Researchers discover directional and long-lived nanolight in a 2D material

(Nanowerk News) Future information and communication technologies will rely on the manipulation of not only electrons but also of light at the nanometer-scale. Squeezing (confining) light to such a small size has been a major goal in nanophotonics for many years.
A successful strategy is the use of polaritons, which are electromagnetic waves resulting from the coupling of light and matter. Particularly strong light squeezing can be achieved with polaritons at infrared frequencies in 2D materials, such as graphene and hexagonal boron nitride.
However, although extraordinary polaritonic properties - such as electrical tuning of graphene polaritons - have been recently achieved with these materials, the polaritons have always been found to propagate along all directions of the material surface, thereby losing energy quite fast, which limits their application potential.
Recently, it was predicted that polaritons can propagate “anisotropically” along the surface of 2D materials, in which the electronic or structural properties are different along different directions. In this case, the velocity and wavelength of the polaritons strongly depend on the direction in which they propagate.
This property can lead to highly directional polariton propagation in the form of nanoscale confined rays, which could find future applications in the fields of sensing, heat management or maybe even quantum computing.
Now, an international team led by Qiaoliang Bao (Monash Engineering’s Associate Professor, Melbourne, Australia), Pablo Alonso-González (Distinguished researcher at University of Oviedo, Spain) and Rainer Hillenbrand (Ikerbasque Research Professor at CIC nanoGUNE, San Sebastián, Spain) have discovered ultra-confined infrared polaritons that propagate only in specific directions along thin slabs of the natural 2D material molybdenum trioxide (α-MoO3) ("In-plane anisotropic and ultra-low-loss polaritons in a natural van der Waals crystal").
Illustration of directional nanolight propagating along a thin layer of molybdenum trioxide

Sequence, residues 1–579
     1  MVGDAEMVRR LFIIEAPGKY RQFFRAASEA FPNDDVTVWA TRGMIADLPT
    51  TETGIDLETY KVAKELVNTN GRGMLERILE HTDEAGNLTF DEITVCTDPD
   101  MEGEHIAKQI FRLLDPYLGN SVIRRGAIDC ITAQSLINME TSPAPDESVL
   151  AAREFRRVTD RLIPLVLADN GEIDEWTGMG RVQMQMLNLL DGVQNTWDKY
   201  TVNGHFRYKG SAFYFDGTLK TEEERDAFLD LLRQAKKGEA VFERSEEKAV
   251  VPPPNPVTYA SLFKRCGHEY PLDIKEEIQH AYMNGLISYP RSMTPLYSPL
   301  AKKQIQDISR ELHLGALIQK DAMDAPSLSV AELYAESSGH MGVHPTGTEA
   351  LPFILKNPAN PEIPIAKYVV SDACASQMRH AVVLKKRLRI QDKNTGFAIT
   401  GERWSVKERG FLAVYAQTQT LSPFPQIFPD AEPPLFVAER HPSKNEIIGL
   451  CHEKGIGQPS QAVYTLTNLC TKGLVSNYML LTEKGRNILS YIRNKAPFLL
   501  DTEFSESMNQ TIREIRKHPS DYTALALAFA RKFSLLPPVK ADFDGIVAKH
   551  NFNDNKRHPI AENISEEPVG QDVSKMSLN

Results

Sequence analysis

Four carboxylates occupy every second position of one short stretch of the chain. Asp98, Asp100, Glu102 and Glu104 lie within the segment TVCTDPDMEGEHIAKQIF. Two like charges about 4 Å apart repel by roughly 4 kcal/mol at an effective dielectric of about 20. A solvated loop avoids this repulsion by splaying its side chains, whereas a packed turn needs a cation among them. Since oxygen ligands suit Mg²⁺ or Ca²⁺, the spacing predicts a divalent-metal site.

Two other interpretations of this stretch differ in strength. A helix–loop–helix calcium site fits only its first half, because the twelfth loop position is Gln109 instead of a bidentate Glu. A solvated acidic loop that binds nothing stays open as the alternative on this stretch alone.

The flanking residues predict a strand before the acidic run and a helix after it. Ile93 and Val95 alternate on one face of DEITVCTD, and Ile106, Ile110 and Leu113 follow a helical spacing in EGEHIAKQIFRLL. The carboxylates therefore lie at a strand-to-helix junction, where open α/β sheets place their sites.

Illustration of directional nanolight propagating along a thin layer of molybdenum trioxide. (Image: Shaojuan Li)
“Our findings promise α-MoO3 to become a unique platform for infrared nanophotonics”, says Qiaoliang Bao. “It was amazing to discover polaritons on our α-MoO3 thin flakes travelling only along certain directions”, says Weiliang Ma, postgraduate-student and co-first-author. “Until now, the directional propagation of polaritons has been observed experimentally only in artificially structured materials, where the ultimate polariton confinement is much more difficult to achieve than in natural materials”, adds co-first author Shaojuan Li.
Apart of directional propagation, the study also revealed that the polaritons on α-MoO3 can have an extraordinarily long lifetime. “Light seems to take a nanoscale highway on α-MoO3; it travels along certain directions with almost no obstacles”, says Pablo Alonso-González, co-first author of the paper. He adds: “Our measurements show that polaritons on α-MoO3 live up to 20 picoseconds, which is 40 times larger than the best-possible polariton lifetime in high-quality graphene at room temperature”.
Because the wavelength of the polaritons is much smaller than that of light, the researchers had to use a special microscope, a so-called near-field optical microscope, to image them. “The establishment of this technique coincided perfectly with the emergence of novel van der Waals materials, enabling the imaging of a variety of unique and even unexpected polaritons during the past years”, adds Rainer Hillenbrand.
For a better understanding of the experimental results, the researchers developed a theory that allowed them to extract the relation between the momentum of polaritons in α-MoO3 with their energy.
"We have realized that light squeezed in α-MoO3 can become “hyperbolic” making the energy and wave-fronts to propagate in different directions along the surface, which can lead to interesting exotic effects in optics (such as e.g. negative refraction or “superlensing”)", says Alexey Nikitin, Ikerbasque Research Associate at Donostia International Physics Center (DIPC), who developed the theory in collaboration with Javier Taboada-Gutiérrez, and Javier Martín-Sánchez, PhD and postdoctoral researchers, respectively at Alonso-Gonzalez´s group.
The current work is just the beginning of a series of studies focused on directional control and manipulation of light with the help of ultra-low-loss polaritons at the nanoscale, which could benefit the development of more efficient nanophotonic devices for optical sensing and signal processing or heat management.
Source: Elhuyar Fundazioa
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